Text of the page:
Tracking temporal changes of moisture content in southern yellow pines using time-domain reflectometery
White, Robert Blaine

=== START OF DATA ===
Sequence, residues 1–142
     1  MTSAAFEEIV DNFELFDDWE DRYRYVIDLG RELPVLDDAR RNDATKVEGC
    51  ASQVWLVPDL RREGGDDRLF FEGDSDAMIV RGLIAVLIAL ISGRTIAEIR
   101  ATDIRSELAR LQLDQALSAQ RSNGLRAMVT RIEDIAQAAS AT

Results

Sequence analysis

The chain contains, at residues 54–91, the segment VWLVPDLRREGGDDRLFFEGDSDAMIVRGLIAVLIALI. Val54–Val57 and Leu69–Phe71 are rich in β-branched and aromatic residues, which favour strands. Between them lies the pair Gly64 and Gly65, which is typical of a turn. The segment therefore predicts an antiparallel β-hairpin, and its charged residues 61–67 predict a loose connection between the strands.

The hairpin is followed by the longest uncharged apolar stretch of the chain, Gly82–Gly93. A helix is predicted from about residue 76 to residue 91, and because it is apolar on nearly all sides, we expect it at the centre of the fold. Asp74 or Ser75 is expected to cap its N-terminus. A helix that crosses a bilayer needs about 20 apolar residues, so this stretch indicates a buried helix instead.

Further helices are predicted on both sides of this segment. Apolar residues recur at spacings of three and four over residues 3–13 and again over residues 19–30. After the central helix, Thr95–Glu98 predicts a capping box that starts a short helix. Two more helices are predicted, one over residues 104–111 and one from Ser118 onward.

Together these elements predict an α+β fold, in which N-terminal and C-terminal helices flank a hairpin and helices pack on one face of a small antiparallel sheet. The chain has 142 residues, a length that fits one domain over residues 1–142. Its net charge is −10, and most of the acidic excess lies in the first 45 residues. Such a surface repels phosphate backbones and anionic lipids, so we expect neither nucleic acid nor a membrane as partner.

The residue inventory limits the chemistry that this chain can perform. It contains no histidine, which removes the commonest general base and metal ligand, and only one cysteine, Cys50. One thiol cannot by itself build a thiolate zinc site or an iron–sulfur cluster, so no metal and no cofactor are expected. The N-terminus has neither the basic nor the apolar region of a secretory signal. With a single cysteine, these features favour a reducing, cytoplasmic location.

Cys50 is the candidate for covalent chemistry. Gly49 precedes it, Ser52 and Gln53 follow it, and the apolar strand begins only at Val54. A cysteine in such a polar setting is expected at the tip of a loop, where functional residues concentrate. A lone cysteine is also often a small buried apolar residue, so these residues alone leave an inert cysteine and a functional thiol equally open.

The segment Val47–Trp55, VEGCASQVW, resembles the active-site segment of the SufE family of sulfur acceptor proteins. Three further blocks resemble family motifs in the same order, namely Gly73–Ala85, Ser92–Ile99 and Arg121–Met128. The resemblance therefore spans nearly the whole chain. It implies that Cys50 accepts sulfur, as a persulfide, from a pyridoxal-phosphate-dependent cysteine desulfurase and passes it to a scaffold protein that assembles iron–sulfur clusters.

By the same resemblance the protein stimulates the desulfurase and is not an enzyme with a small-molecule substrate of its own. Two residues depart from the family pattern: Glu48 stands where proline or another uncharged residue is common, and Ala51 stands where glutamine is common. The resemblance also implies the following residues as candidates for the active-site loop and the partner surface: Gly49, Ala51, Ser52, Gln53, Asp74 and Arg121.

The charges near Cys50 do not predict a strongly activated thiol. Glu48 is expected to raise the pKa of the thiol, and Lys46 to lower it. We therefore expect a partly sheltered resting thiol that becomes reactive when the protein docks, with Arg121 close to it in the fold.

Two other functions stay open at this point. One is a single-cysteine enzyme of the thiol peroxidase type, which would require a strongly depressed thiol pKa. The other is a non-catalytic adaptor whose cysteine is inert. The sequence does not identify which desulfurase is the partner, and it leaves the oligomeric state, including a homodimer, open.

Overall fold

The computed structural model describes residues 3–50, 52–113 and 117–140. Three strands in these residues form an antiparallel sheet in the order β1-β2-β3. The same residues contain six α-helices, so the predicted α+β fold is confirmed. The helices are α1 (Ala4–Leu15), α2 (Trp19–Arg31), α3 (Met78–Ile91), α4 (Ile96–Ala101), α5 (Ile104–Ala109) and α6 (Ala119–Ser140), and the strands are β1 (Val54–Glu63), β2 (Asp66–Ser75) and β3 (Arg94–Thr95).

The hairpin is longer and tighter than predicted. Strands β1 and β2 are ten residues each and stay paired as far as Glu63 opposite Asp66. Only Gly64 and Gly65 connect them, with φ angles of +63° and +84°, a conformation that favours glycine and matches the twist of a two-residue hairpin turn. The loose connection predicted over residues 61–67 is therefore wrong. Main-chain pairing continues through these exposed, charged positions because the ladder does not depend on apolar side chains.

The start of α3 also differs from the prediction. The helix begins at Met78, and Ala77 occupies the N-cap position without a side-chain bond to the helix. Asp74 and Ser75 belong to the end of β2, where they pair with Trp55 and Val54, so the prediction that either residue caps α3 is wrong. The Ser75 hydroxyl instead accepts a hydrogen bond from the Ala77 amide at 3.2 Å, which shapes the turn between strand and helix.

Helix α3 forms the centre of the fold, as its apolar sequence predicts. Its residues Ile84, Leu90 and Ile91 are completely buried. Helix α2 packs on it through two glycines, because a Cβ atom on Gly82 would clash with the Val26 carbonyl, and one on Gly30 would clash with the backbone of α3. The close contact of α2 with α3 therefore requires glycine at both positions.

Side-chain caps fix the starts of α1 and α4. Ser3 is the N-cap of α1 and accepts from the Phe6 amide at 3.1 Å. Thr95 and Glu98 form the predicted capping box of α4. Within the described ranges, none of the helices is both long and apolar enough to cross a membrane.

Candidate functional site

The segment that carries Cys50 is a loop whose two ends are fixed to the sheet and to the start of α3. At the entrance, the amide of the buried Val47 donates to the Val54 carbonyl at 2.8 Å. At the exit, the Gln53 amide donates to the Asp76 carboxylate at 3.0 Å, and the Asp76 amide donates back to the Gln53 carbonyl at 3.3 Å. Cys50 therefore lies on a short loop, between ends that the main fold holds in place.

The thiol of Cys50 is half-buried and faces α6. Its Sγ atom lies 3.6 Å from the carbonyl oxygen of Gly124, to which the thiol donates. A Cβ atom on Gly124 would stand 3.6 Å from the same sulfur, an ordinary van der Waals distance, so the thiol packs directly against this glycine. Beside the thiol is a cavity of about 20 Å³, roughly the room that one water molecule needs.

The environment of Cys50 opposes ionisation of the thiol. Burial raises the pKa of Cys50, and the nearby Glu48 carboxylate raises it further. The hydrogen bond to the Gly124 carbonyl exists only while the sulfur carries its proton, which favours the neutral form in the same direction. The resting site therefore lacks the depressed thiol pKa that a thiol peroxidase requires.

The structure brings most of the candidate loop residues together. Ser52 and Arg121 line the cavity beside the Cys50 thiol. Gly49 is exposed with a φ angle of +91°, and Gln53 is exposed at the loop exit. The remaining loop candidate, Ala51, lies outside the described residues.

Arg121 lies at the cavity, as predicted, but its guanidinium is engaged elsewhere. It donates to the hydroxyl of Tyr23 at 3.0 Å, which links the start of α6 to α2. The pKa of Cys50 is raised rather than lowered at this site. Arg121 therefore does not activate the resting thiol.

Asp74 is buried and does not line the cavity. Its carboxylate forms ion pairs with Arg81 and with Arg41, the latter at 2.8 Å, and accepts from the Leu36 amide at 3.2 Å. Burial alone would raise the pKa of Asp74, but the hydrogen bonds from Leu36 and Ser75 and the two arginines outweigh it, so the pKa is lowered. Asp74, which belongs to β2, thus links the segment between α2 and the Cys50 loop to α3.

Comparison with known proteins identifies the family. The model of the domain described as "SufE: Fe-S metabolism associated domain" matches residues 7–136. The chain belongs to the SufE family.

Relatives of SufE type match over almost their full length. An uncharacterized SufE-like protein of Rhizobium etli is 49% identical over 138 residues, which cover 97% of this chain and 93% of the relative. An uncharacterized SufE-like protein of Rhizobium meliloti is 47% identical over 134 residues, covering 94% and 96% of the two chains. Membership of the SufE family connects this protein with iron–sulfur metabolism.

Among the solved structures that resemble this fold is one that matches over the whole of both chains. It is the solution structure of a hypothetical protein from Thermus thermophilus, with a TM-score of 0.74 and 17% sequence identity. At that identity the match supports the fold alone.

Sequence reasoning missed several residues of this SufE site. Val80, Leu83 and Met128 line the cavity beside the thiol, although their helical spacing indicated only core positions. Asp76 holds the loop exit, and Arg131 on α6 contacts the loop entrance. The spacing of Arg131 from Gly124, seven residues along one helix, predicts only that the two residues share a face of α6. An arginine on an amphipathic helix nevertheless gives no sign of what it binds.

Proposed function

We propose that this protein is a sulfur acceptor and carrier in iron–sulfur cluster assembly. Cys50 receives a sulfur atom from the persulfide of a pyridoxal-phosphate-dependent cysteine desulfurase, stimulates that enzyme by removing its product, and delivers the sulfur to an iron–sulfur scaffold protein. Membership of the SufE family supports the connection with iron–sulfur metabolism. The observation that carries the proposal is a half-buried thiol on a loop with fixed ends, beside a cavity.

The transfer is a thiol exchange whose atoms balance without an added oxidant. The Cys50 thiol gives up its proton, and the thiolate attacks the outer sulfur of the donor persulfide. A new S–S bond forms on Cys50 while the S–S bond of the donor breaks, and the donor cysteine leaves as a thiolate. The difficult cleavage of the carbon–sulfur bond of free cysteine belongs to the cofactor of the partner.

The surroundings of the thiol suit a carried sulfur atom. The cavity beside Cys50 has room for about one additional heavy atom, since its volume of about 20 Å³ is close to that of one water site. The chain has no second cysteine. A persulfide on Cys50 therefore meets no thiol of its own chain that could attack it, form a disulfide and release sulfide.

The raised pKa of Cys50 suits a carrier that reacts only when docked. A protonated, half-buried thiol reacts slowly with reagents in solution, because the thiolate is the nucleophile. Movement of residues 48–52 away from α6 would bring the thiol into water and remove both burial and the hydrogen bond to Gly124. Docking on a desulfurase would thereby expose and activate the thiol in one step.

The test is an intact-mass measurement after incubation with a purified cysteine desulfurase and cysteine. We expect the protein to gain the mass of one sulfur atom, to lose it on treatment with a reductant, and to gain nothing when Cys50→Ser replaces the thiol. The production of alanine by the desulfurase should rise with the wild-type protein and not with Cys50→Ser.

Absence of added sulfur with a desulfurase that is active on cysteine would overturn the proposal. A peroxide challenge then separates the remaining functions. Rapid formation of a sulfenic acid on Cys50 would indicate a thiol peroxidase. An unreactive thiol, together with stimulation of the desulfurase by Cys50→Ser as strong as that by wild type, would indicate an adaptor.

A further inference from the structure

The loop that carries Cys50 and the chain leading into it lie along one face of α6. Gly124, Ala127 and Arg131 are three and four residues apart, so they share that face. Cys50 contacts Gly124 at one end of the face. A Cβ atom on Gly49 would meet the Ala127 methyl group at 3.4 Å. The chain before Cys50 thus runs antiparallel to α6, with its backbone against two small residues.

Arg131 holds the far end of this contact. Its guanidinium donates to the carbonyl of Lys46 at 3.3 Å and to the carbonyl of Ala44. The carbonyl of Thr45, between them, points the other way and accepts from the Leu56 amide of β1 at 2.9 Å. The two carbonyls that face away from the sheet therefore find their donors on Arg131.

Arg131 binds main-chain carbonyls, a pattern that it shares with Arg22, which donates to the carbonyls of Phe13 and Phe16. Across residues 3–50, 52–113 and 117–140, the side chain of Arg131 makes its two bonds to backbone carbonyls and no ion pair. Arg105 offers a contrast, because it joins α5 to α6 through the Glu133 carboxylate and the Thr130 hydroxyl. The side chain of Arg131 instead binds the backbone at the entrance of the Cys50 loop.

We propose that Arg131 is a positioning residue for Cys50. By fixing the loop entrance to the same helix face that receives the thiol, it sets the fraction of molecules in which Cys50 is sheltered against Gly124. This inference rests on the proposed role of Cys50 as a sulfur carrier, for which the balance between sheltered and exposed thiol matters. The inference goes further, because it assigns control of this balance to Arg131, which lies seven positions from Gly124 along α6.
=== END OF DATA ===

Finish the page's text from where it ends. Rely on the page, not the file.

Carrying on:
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Moisture storage in living trees is fundamental to tree health and poorly understood due to the destructive nature of most sampling methods. Low cost systems that continuously monitor moisture content (MC) of standing trees are required. Time-domain reflectometry (TDR) was explored as an option to monitor moisture content (MC) of standing trees. TDR data was collected from 10 Pinus elliottii Engelm. (slash pine) and 10 Pinus taeda L. (loblolly pine) trees on the Lower Coastal Plain and 10 P. taeda from the Piedmont on a weekly basis for one year. Site specific calibrations were used to predict MC, but owing to a pronounced wound response it was not possible to accurately track changes in whole-tree MC with time. If calibrations more oriented toward living trees can be obtained I believe TDR could be used to monitor temporal changes in standing tree MC.